Elite public schools tighten grip on Oxford

Geraldine Hackett, Education Correspondent

Published March 2007

OXFORD’S attempts to rid itself of its reputation for giving preference to the “old school tie” have been dented by new figures showing it admitted almost twice as many Old Etonians last year as in 2001.

The number of pupils from Eton and other leading independent schools such as Westminster, St Paul’s and Winchester have surged despite efforts by the university to boost its state-school intake. While the overall proportion of state-school pupils has edged up slightly at Oxbridge, elite private institutions have notched up the greatest gains. The main losers have been less prestigious independent schools.

The figures suggest Gordon Brown’s outburst seven years ago against the “privileges” represented by Oxford has been counterproductive. The chancellor claimed it was an “absolute scandal” that Oxford had rejected Laura Spence, a talented Tyne-side comprehensive pupil. He said the university was “reminiscent of an old-boy network”.

While the elite schools insist their success is down to their teaching, Labour critics say Oxbridge has not done enough to encourage state-school pupils.

Barry Sheerman, Labour chairman of the Commons education select committee, blamed the universities for failing to broaden their intake. “Oxford and Cambridge shouldn’t be seen as finishing schools for Eton and Westminster,” he said.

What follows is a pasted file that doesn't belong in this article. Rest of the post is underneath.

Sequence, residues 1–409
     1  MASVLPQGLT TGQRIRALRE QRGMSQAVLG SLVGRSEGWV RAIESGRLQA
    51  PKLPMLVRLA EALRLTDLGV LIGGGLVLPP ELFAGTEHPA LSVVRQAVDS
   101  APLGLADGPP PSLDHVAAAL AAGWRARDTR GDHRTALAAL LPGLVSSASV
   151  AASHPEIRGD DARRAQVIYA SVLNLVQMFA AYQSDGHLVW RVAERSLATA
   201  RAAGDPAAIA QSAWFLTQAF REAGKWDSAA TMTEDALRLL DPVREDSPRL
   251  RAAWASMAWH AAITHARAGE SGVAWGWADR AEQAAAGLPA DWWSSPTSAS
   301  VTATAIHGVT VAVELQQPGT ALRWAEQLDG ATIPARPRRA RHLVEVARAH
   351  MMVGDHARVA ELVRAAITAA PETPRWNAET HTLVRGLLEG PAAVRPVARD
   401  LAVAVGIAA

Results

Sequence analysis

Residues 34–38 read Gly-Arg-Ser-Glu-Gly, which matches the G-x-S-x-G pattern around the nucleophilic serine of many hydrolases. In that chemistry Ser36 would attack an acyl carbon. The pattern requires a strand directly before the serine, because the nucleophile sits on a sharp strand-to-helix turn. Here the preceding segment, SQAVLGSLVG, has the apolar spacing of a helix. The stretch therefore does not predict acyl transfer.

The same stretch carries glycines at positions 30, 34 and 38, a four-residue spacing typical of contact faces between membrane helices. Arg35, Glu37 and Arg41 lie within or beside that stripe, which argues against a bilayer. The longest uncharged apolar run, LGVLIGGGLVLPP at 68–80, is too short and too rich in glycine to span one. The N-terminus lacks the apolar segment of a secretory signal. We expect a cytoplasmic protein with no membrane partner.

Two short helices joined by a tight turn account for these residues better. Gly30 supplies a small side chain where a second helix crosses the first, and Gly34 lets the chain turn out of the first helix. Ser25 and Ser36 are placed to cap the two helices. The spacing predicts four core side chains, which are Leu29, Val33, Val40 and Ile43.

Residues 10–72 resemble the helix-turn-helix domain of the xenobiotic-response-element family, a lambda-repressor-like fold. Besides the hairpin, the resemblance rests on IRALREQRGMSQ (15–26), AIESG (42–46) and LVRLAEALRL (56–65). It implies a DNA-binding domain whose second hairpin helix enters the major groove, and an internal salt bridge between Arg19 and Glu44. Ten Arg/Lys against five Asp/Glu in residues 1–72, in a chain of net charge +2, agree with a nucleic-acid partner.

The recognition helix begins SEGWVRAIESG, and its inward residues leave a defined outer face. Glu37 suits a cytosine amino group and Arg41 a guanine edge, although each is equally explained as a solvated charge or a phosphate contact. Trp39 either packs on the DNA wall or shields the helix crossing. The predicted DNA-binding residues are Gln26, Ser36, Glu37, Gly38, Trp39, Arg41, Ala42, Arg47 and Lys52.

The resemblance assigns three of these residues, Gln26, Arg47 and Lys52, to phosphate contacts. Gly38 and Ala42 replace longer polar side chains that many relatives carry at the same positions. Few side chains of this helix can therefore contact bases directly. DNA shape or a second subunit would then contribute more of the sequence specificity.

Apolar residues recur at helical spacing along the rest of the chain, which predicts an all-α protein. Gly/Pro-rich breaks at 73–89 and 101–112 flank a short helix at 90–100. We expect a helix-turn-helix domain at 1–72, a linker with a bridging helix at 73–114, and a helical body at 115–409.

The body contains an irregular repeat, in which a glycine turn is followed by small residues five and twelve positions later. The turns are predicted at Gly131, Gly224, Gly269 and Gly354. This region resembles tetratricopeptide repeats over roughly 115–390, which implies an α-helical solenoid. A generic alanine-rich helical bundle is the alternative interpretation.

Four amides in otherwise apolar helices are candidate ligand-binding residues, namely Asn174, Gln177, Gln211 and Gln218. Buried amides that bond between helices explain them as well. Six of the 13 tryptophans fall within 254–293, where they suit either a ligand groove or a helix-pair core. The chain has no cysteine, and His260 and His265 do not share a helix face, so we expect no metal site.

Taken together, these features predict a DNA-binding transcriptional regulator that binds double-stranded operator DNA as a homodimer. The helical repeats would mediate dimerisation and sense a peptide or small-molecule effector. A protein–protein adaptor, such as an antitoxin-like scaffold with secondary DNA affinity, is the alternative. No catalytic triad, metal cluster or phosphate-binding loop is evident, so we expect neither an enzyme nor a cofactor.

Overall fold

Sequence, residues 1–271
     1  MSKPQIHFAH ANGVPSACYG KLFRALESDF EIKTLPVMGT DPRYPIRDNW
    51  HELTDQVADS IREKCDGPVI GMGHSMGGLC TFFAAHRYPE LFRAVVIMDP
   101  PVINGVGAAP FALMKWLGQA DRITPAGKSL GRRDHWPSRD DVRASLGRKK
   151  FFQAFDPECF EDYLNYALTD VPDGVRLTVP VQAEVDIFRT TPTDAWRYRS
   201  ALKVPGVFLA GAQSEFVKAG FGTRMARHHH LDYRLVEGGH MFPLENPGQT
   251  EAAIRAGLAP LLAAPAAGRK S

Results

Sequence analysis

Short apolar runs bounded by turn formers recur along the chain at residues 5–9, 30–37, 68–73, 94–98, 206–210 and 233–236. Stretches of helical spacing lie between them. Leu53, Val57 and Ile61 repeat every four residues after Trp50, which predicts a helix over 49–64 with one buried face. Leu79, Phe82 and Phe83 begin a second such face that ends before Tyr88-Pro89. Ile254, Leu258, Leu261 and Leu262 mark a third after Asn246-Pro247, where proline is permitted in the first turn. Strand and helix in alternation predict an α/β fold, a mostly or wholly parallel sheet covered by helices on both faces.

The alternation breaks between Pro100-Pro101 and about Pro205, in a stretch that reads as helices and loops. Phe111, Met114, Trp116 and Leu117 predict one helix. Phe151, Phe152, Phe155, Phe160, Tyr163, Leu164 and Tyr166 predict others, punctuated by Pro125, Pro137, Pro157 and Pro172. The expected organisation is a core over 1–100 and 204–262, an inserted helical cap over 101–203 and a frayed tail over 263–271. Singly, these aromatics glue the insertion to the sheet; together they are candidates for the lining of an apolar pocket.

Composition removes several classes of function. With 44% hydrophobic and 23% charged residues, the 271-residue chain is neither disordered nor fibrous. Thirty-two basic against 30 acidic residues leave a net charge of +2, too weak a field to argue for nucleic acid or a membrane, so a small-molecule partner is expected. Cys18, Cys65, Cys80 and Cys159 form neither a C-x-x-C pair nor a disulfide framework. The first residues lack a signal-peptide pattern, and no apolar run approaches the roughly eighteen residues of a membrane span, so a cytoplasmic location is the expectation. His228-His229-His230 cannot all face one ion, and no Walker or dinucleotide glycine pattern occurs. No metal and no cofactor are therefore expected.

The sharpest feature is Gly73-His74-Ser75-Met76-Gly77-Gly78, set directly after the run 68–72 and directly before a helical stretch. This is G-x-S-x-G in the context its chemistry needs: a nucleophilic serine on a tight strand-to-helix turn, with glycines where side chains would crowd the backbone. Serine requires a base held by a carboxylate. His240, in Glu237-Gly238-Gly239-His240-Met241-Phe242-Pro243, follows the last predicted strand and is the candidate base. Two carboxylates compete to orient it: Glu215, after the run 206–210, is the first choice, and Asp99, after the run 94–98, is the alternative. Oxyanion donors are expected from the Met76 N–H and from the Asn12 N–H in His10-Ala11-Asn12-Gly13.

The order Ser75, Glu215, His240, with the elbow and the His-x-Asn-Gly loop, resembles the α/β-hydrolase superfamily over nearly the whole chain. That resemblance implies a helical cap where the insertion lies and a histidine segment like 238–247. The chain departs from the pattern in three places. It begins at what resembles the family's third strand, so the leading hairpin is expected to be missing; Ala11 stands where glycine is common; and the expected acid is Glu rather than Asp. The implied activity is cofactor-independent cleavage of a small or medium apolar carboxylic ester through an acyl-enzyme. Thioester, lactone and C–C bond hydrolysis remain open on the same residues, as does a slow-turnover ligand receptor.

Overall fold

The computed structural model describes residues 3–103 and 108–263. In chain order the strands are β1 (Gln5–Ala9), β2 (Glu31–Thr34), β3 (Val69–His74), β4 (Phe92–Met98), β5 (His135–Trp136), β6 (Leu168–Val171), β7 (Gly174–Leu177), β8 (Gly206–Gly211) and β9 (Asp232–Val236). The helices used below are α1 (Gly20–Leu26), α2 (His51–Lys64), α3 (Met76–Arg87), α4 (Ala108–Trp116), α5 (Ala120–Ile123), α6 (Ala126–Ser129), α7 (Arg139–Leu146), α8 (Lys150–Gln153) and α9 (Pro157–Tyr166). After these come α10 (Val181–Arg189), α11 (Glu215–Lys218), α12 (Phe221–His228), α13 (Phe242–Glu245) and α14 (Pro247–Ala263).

The new data, released under the Freedom of Information Act, give a snapshot comparison between 2001 and 2006. Both universities reduced their independent sector intake by only 177 in that period.

The top-performing schools have achieved spectacular gains. In 2006, 70 pupils from Eton were offered places by Oxford, compared with 38 in 2001. At Westminster school 52 pupils received offers from Oxford, up by 14 from 2001.

There has also been an increase at Cambridge, although it is less marked. North London Collegiate school won 20 places there  in 2006, compared with 17 in 2001; St Paul’s school won 23, compared with 21.

The top school for Oxbridge last year was Westminster, where 60% of the upper sixth won offers from Oxford or Cambridge. Stephen Spurr, the head-master at Westminster, believes Oxbridge is not biased but is searching for the brightest applicants to maintain its position in the world rankings.

Tony Little, Eton’s head master, said he told pupils that a place at Oxford or Cambridge had to be earned. “There is no golden road. The clever dilettante doesn’t wash for Oxford now, if it ever did. We go far beyond the syllabus required for exams.”

Geoff Parks, director of admissions at Cambridge, denied the university was failing to give due credit to state school applicants.

“The best independent schools are stretching their most able pupils,” he said. “There are ways in which state-school pupils are not as well guided as applicants from independent schools. State schools have had to deal with a shortage of qualified maths and physics teachers. They have also been dropping languages.”

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